Docker or LAMP?

Good evening community,

Currently I have Nextcloud installed via a LAMP stack on Ubuntu but various challenges as I can’t figure out which php.ini is being used even via <? phpinfo(); ?>. As a result, I initially changed memory_limit etc via the .htaccess, meanwhile I do it directly in the VHost config. But I can’t get the changes regarding the OPcache in there myself & the cron jobs don’t run for me until today.

This and the fact that I would like to get not only Wordpress but also RocketChat (reverse proxy via LAMP stack overwhelms me) running on my server has now led me to the consideration to make the server completely flat again and set up via Docker. Is this advantageous or recommendable for a beginner like me, especially if I want to run several applications side by side? What is there to consider?

Kind regards and many thanks in advance!

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Docker has advantages like very fast application deployment but it comes with some cost - as every other abstraction method it adds complexity. You need to understand some docker concepts to deploy applications successfully (beyond very simple whoami container). Fiddling around with specific configuration files like fine-tuning the system for your demands is harder/unexpected with docker, backup is different - some aspects are harder, others are easier.

I don’t think this changes with docker - at least if you keep the same product - expect similar complexity. I feel traefik easy to setup - but hard to find advanced examples as almost every google search is polluted with “start in 5 minutes” tutorials…

it’s easy to try docker on your server or even on desktop… spend one or two week with tutorials and docs and you will see if the idea makes sense for and you are willing to go this way…


Can you recommend me a good tutorial for nextcloud and docker?

I would suggest you familiarize with docker and docker-compose first. I find tutorials from Nana good - no idea about this specific docker tutorial. Don’t hurry, understand the concepts and ideas - this saves lot of pain later. Then try official docker-compose example and add complexity slowly once simple functions work as expected… and try things out before you start product: upgrade (use older image version initially), backup and restore… try to intentionally brake and recover you system - if this works you are ready to solve later problems…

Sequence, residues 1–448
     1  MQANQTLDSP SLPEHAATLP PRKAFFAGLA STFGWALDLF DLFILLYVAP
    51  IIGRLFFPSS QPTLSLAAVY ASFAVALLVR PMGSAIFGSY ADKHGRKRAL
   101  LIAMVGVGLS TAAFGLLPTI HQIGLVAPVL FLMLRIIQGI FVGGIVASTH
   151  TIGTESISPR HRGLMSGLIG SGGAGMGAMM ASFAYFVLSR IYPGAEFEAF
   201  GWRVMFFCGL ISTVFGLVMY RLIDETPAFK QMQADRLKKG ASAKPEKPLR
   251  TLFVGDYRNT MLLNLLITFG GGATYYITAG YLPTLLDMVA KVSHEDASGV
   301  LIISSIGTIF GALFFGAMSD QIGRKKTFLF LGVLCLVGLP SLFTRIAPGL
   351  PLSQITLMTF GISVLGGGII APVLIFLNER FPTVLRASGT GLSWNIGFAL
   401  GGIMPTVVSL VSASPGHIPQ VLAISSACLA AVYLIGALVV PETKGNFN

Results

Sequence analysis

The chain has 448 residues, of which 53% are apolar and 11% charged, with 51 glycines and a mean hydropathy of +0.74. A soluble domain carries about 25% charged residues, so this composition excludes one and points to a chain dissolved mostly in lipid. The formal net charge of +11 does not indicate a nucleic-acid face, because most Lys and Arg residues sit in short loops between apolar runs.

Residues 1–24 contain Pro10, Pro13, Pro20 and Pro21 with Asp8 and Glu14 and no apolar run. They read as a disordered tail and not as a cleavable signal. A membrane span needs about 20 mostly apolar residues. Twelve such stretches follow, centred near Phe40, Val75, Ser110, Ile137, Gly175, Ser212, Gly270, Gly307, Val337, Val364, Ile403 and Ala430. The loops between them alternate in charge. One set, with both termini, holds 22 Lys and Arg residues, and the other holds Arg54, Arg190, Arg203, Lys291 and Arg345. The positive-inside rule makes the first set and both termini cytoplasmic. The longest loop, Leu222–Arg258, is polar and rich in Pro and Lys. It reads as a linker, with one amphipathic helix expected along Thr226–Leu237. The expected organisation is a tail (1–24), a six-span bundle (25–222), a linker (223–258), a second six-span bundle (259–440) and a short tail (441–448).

Thanks for the tutorial! Im watching it right now and it helps a lot.

@wwe Is there also a possibility with Docker to run the user management only via a single login? I have already searched for it but have not found anything yet via google.

I don’t get the question. Do you mean Single-Sign-On? something other?

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Yes, exactly! Otherwise I’d have to create logins for nextcloud, wordpress and rocket chat.

I made this tutorial+workshop with plenty of examples and working code… you might find it useful.

I prefer the container-based (e.g. Docker) approach (rather than bare metal / virtual machines) because you get lightweight service encapsulation/isolation… each service is bundled along with its dependencies. You can have a really simple “host” server and all the complexity for each service cleanly hidden in separate containers. Working with containers also necessitates “configuration as code” and reproducible automation rather than manual sysadmin work. These practices can then lead to better disaster recovery and scalability.

And I agree with everything @wwe wrote above. It’s probably not easier nor harder, it’s just a different approach. Containers can be worse, such as when you are trying to run a service that requires many open ports. It’s doable, just probably easier on bare metal or a virtual machine. I found Jitsi hard to containerize, for example.

So I guess I’d say containers are important to learn, and you’ll still find cases where you’re better off with bare metal or a virtual machine instead. For example, video conferencing, ad-blocking or a voice assistant). That said, I run a Pi-hole in a container and it works fine.

The maintainers for Nextcloud’s Docker images do an excellent job… this makes a huge difference.

Back to your original post… changing approaches at this point doesn’t directly address the issues of being able to confirm/know which version of PHP is being used, making sure cron jobs run, and maintaining a reverse proxy in front of multiple services. You might get lucky and something might just work, but I wouldn’t count on it. I recall having to fiddle with cron a bunch with my Nextcloud app container, and I think I ended up just relying on the host’s cron daemon (although there are several ways to solve the problem).


Ooh, single sign-on… I want that too. The more services I run, the more I want it. I’ve done some poking around and have not figured this out. It looks hard. gluu, aerobase, authelia, keycloak, uaa, freeIPA… I’m a bit lost. LMK if you figure it out!

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There are multiple ways to implement SSO with Nextclooud. Modern approach uses OpenidConnect with Social Login app or OpenID connect app (unsure how it’s called)